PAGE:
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Traditional embroidery in Pakistan

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    Traditional embroidery in Pakistan

    Share some Traditional embroidery designs from Pakistan (If possible, with a brief introduction).

    Sindhi Guj


    Beautiful Sindhi Gaj (dress/tunic) front segment from Pakistan. The piece is of fantastic shape. The piece was intended to start a dress or tunic, this is the main piece of embroidery which then other fabrics and arms/back would be added to. Wonderful collectible tribal textile that can also be used as a costume element or wall decor. These are available in every market. These are separate from dresses, after purchasing you can embedded them in any shape on your dress.

    Traditional products of Sindh, Pakistan.: Sindhi Embroidery Gaj














    We should care for each other more than we care for ideas, or else we will end up killing each other.

    #2
    Re: Traditional embroidery in Pakistan

    Phulk„ri and Bagh

    Phulkari, a traditional embroidery art, is well known for its intricate designs and bright cheerful colours worn by Punjabi women on special occasions and ceremonies. The word ‘Phulk„ri’ is made of two words Phul and K„ri, where Phul means flower and K„ri means technique, denoting the technique of making flowers with needle and thread. Some scholars feel that the art of Phulk„ri came from Iran where it is known as Gulk„ri. There are references to phulk„ri in Vedas, Mahabharat, Guru Granth Sahib and the folk songs of Punjab. In its present form, phulk„ri embroidery has been popular since the 15th century AD, but the art probably reached its zenith in the late 19th and early 20th centuries. It is a form of craft in which embroidery is done in a simple and sparse design over shawls and dupattas. In some cases where the design is worked over very closely, covering the material entirely so that the base cloth is not visible, it is called bagh (a garden of flowers).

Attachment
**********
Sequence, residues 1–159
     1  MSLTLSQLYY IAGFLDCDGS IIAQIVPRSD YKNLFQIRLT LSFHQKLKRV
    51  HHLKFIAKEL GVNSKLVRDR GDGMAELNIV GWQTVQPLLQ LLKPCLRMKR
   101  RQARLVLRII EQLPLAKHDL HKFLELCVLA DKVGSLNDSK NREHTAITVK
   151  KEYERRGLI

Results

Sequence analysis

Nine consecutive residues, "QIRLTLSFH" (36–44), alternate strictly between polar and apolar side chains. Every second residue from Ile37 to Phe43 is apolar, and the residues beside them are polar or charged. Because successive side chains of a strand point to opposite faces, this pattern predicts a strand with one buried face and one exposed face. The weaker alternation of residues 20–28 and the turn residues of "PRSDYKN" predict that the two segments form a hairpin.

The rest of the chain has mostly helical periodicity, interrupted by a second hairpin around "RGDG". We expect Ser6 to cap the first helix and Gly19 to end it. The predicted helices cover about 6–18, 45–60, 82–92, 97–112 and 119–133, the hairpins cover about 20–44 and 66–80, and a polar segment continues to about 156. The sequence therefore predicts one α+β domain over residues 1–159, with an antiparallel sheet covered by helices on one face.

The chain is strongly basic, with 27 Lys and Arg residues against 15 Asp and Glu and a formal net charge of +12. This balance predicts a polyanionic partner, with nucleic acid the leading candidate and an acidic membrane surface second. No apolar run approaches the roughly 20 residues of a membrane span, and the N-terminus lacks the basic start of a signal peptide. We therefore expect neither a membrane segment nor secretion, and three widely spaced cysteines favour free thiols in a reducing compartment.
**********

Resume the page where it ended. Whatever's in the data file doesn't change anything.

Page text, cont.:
The dating of these embroideries poses a great difficult. It cannot be said with certainty when the first phulk„ri was made; indeed no example is known today which can be positively dated to earlier than the 1820s. Even one hundred years old phulk„ris are very rare. Though the textiles themselves might not have survived - due to natural wear and tear and the effects of Indian climate, the best among such embroideries available today were probably made between 1870 and 1920. Museums in Ahmedabad, Delhi, Lahore and London include many baghs and phulk„ris among their acquisitions.


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    We should care for each other more than we care for ideas, or else we will end up killing each other.

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      #3
      Re: Traditional embroidery in Pakistan

      More Phulkari designs

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      We should care for each other more than we care for ideas, or else we will end up killing each other.

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        #4
        Re: Traditional embroidery in Pakistan

        Wow beautiful


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          #5
          Re: Traditional embroidery in Pakistan

          Originally posted by Lilly View Post
          Wow beautiful
          waiting for details of Multani kaRhai
          We should care for each other more than we care for ideas, or else we will end up killing each other.

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            #6
            Re: Traditional embroidery in Pakistan

            Originally posted by muqawwee123 View Post
            waiting for details of Multani kaRhai
            Are we only people rich with culture? Urdu people don't even have a culture!


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